Hamilton Area Employees Collect, Sort and Repurpose Discarded Crayons for Kids

Hamilton Area Employees Collect, Sort and Repurpose Discarded Crayons for Kids

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CSAA IG employees Tiffany Lee and Joi Grant

While many kids are at the playground, kids like eight-year-old Evan are hooked up to machines that save their lives, but may dampen their spirits. While he is a two-time kidney transplant recipient, and faces multiple congenital challenges, Evan—like many children living with chronic diseases—finds solace in coloring.

On March 23, hundreds of employees from CSAA Insurance Group, a AAA insurer, volunteered for The Crayon Initiative, a California-based nonprofit, by sorting unwanted crayons so they can be melted down, made into new crayons, and donated to hospitalized children like Evan.

The crayon-sorting and recycling event took place on Tuesday, March 20, 2018 at 700 Horizon Dr. in Hamilton, New Jersey. The Crayon Initiative also melted and created crayons onsite using its custom crayon molds.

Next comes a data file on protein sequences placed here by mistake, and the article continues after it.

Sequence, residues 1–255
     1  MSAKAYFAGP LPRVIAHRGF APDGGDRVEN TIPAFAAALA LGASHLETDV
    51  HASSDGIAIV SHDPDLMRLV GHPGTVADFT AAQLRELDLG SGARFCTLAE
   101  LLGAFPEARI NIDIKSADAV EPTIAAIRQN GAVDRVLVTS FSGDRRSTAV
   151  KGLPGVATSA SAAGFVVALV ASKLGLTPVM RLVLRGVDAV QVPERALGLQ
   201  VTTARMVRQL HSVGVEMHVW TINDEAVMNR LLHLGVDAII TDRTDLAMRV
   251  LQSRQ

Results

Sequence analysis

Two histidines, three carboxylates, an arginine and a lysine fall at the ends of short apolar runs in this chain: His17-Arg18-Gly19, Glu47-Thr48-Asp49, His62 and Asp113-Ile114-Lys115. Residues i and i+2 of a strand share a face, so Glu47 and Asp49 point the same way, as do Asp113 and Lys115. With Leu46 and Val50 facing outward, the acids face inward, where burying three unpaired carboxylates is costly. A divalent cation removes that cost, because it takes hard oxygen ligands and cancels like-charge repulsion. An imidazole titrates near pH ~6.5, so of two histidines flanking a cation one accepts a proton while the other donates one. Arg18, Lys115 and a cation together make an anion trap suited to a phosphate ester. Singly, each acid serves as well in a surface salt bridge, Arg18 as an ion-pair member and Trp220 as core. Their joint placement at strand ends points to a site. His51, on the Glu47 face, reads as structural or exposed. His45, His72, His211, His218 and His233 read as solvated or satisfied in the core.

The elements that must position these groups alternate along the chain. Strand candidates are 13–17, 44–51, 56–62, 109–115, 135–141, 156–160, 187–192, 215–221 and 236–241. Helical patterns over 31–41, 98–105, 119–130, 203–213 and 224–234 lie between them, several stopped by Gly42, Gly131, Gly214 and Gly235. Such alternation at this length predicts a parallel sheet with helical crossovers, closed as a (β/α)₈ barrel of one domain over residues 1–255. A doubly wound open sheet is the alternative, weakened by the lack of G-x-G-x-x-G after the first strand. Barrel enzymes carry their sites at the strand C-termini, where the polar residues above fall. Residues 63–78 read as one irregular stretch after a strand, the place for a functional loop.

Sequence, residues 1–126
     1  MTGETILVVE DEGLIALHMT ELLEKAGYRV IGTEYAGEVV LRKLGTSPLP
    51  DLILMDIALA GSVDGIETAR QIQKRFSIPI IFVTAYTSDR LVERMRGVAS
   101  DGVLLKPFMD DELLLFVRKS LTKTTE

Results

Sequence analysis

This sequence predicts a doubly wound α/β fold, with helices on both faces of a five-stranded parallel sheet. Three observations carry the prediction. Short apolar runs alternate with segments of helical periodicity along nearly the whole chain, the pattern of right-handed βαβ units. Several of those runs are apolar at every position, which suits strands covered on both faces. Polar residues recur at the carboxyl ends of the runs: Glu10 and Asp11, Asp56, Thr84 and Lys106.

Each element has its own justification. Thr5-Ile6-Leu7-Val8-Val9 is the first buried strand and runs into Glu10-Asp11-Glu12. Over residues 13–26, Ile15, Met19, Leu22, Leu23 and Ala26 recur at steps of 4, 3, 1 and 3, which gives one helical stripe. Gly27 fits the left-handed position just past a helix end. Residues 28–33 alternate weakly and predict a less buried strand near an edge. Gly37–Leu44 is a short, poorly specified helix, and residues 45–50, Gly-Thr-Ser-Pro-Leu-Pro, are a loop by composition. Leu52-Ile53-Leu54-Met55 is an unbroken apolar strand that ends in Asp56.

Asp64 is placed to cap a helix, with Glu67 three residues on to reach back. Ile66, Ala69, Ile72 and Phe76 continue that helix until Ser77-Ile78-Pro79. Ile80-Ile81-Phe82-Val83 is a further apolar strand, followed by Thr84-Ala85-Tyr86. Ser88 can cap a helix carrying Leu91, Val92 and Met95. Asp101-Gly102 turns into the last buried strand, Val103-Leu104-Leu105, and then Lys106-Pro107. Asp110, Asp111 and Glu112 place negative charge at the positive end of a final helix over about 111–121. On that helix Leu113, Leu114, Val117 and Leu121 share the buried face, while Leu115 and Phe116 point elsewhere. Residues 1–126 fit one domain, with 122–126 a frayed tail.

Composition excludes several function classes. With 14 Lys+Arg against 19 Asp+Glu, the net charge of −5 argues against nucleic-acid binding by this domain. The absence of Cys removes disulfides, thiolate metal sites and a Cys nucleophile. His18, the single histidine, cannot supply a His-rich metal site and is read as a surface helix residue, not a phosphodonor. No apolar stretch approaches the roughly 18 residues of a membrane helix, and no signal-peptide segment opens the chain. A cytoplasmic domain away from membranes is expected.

“The Crayon Initiative’s altruistic mission very much aligns with our company’s values, and we are excited to partner with them again,” said Volunteer Manager Roger Hancock. “We recognize the importance of giving back to our communities and believe we have a responsibility to support the communities where AAA members live and work.”

Established in 2014, The Crayon Initiative collects discarded crayons from restaurants and other sources, remanufactures them, and provides new packs to hospital pediatric wards. Crayons offer hospitalized children a creative outlet for self-expression, which can help them cope with their illnesses, alleviate feelings of anxiety, and contribute to a sense of normalcy. To date, The Crayon Initiative has donated more than 60,000 packs of crayons to 90 hospitals in 25 states.

According to Bryan Ware, founder of The Crayon Initiative, creating art with specially designed crayons from The Crayon Initiative helps children like Evan take their minds off of medical challenges, and simply enjoy being a kid.

“It’s kind of my favorite thing to do,” Evan said. “I like drawing stuff and being creative. It helps me think about fun things.”

In addition to being repurposed for hospitalized children, unwanted crayons collected by The Crayon Initiative also reduce negative impacts on the environment. Crayons are not biodegradable and create a waxy sludge that may not break down for centuries. To date, The Crayon Initiative has diverted 150,000 pounds of crayons destined for landfills.

“The work we do has a significant impact on local communities,” said Ware. “Our crayon recycling efforts help ensure that children have the tools they need to enjoy the healthful benefits of art and creativity.”

 

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